After initially resisting a Pentagon directive to enroll the same-sex spouses of troops into benefit programs, the Texas National Guard announced on Tuesday that it has come to an agreement that will allow its facilities to process these applications for gay service members.
In a statement on Tuesday, Texas Military Forces said the Defense Department has approved a new procedure in which the Pentagon will provide federal personnel, funding and the use of federal personnel systems to enroll the spouses of all troops — gay and straight — into the benefit system.
According to Texas Military Forces, which comprises the state’s national guard, this agreement resolves the conflict of the edict from Defense Secretary Chuck Hagel saying spousal benefits should be available to gay troops everywhere and Texas’ state constitutional amendment banning same-sex marriage.
“We look forward to having the ability to process the benefits our service members and their families are entitled to,” said Lt. Col. Joanne MacGregor, the state public affairs officer.
Although Hagel said spousal benefits for gay troops, including health, pension and housing benefits, should be available nationwide in August following the Supreme Court decision against Section 3 of the Defense of Marriage Act, Texas initially refused to process applications to grant the same-sex spouses of troops a military ID card, citing state law barring same-sex marriage.
After other states, including Oklahoma, Louisiana and Mississippi, made similar announcements, Hagel issued a second edict saying he’s directed the National Guard Bureau to ensure states comply, threatening unspecified consequences if they continued to refuse.
Jennifer Atkinson, a Texas National Guard spokesperson, confirmed that same-sex couples are now able to apply for spousal benefits at installations within the state.
“Couples can now apply at Texas bases — including Camp Mabry,” Atkinson said. “Since the Department of Defense (DoD) directed the enrollment of same-sex spouses effective Sept. 3, 2013, we have worked diligently with the Pentagon and the National Guard Bureau to find a solution that would allow us to follow Texas state law while adhering to DoD policy.”
Atkinson later clarified that same-sex couples can apply for benefits at all installations with Real-Time Automated Personnel Identification Systems.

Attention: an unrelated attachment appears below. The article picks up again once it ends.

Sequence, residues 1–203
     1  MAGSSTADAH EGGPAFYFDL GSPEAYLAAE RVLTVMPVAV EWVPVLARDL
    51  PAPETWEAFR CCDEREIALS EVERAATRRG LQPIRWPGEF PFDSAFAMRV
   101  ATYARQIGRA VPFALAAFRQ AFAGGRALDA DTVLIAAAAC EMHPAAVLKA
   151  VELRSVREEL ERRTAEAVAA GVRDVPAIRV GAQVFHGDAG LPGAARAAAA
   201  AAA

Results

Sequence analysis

A defense official, speaking on condition of anonymity, said the agreement only applies to Texas and not other states that are still holding out. Still, the official said the Pentagon views the decision as welcome news.
According to the National Guard Bureau, the decision from Texas to acquiesce means Mississippi, Georgia and Louisiana are the only states that have yet to comply.
On Nov. 7, Oklahoma announced that its state-run national guard facilities are getting out of the business of processing benefits altogether and are directing everyone — gay and straight — to federally-run installations within the state. However, Oklahoma isn’t considered a non-compliant state.
Following the announcement, Alicia Butler, a lesbian who was earlier blocked from enrolling into the benefits system with her spouse, First Lt. Judith Chedville, re-applied for those benefits at Camp Mabry later on Wednesday and received her military ID.
“I am so pleased to have this spousal ID card and begin to access a range of benefits,” Butler said in a statement. “My wife served our country and our family needs support like all military families.”
Lambda Legal, which had represented Butler and wrote a letter calling on Texas Military Forces to reverse its earlier decision to block enrollment, praised the change.
“We are thrilled for Alicia and Judith who just wanted to take steps, like all military families, to access critical support networks and benefits provided to families of service members,” said Lambda Legal Staff Attorney Paul Castillo. “Texas Military Forces implements a host of federal benefits programs for all National Guard units in the state and it should be no different for married same-sex couples.”
An LGBT advocate, also speaking on condition of anonymity, said the purported change announced by the Texas Military Forces is a “crock” because federal funds and systems were already being used to enroll spouses in the Defense Enrollment Eligibility Reporting System. The announced change, the advocate said, is a way for Texas Military Forces to save face as it acquiesced to the Pentagon’s demands.
After issuing a statement Tuesday evening criticizing the Texas National Guard for adopting a system similar to Oklahoma’s, the American Military Partners Association issued a second statement Wednesday praising the move, saying they since received clarification on the decision.
“We applaud the Texas Military Forces for changing course and the Department of Defense for making sure this issue is resolved in Texas,” said AMPA President Stephen Peters. “All military spouses, regardless of orientation or gender, deserve to treated with the same dignity, respect, and support for their sacrifices in support of our nation, no matter what state they serve in. We urge the remaining states who have not yet complied with Department of Defense policy to do so quickly and affirm their commitment to all military families.”